Skylights featured five times on Earth Science
Picture of the Day: 1
Photo of the Week. The waning crescent Moon rather
distantly visits twilight Venus the morning of February 24, 2006.
Astronomy news for the week starting Friday, March 31, 2006.
No April fool here, all good stuff.
The Moon begins our week in its waxing crescent phase. Passing
through first quarter on Wednesday, April 5, it continues in the
waxing gibbous. The night of Friday, March 31st, the lunar
crescent will be visible low in the west northwest. It then has a
busy week. Climbing upward, it makes a beautiful pass through
(for eastern and central North America) and then
beyond the Pleiades star
cluster in Taurus the night of
Saturday, April 1 (really!). The following evening, the Moon will
make a fine triangle with Mars and Aldebaran, at which time the red
planet will lie almost directly above the star as seen from North
America. Then on the night of Monday, April 3, the Moon will make
yet another triangle with Mars and Elnath, Beta Tauri, with the bright
star Capella off and to the
right. Then a bit later, watch, as the Moon (because of its
orbital tilt well north of the solar ecliptic) glides just south of
Pollux in Gemini the night of Wednesday, April 5th, and then
north of Saturn the
evening of Thursday, the 6th.
Saturn, the great current evening planet, ceases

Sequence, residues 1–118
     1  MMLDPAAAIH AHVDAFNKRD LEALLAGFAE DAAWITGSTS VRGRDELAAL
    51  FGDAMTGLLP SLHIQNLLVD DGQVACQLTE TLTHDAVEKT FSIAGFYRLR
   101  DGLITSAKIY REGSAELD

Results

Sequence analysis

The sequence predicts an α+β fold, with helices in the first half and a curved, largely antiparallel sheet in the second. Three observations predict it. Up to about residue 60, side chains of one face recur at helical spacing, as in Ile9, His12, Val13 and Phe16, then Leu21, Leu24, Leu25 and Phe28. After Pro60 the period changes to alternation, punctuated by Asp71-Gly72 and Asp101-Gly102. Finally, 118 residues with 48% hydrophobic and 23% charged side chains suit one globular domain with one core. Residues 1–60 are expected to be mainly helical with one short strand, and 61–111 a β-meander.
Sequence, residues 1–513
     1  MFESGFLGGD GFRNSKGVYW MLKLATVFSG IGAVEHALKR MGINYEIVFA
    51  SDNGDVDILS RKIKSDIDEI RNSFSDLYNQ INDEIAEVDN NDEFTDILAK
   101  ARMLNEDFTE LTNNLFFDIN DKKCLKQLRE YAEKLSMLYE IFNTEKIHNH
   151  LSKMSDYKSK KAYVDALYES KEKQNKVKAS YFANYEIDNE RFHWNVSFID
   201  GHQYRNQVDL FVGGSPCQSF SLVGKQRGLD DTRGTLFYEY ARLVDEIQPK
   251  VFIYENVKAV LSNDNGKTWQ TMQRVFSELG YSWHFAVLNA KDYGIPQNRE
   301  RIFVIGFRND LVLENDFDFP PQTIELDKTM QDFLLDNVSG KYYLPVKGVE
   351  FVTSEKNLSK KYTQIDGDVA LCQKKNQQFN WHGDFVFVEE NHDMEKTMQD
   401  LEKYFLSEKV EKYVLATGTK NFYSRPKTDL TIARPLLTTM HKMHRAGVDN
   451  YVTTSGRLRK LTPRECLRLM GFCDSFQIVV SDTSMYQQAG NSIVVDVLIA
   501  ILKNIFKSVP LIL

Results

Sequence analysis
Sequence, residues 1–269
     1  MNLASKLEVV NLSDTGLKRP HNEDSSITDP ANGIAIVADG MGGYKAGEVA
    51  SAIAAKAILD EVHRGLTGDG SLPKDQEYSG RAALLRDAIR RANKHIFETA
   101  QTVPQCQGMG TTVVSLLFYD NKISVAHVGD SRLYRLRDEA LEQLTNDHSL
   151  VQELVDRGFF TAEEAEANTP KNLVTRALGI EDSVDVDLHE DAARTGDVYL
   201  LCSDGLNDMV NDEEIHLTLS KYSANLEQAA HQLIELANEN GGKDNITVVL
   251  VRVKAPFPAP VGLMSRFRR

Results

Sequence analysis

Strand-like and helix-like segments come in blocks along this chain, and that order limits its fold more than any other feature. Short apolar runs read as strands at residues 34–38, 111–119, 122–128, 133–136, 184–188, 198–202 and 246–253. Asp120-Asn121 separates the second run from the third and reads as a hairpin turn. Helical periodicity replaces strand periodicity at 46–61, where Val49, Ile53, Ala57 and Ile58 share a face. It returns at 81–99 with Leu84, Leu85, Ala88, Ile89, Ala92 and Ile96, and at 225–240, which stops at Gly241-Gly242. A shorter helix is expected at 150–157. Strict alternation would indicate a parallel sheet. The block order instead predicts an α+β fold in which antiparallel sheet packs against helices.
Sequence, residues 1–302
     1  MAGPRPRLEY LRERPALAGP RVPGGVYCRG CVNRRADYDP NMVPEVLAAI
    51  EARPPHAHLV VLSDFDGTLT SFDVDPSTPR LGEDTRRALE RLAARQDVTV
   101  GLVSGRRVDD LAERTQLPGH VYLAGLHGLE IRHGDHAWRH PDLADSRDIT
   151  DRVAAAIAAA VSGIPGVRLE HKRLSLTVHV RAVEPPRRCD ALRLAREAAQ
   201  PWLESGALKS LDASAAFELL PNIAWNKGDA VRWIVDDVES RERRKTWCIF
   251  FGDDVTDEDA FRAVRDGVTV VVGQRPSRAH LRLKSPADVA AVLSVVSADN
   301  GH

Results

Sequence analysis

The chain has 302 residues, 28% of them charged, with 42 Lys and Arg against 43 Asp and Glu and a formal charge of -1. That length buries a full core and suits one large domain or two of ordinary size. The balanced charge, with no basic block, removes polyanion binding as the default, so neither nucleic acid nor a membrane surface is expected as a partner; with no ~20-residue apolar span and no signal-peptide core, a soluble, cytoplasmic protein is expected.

retrograde on Wednesday, April 5th, and thereafter resumes its
slow easterly trek through the constellations of the Zodiac, each one holding the
planet for about two years. Find it now southwest of the Beehive cluster in Cancer. As Saturn now transits the
meridian to the south early, around 7:30 PM, it is slowly being
replaced by much brighter Jupiter, which rises
around 9 PM still firmly ensconced within eastern Libra. Bright and redly beautiful,
Mars, only slowly falling behind orbiting Earth, still does not set
until after midnight. If you wait out the night, you can see
rising just before 4 AM in advance of the onset of
As Sirius and Canis Major slip to the west, Argo, the ship of the Argonauts, takes its place, its
bright stars -- far to the south -- assuming no clear pattern. The
huge ancient ship now comes in three pieces, Carina the Keel, Puppis
the Stern, and Vela the Sails.
Only part of Puppis is easily seen from most of mid-North-America (to the
left of and below Canis Major), while
Carina, which holds Canopus, the
second brightest star, and Vela are mostly well out of sight below
the southern horizon for the northern part of the continent.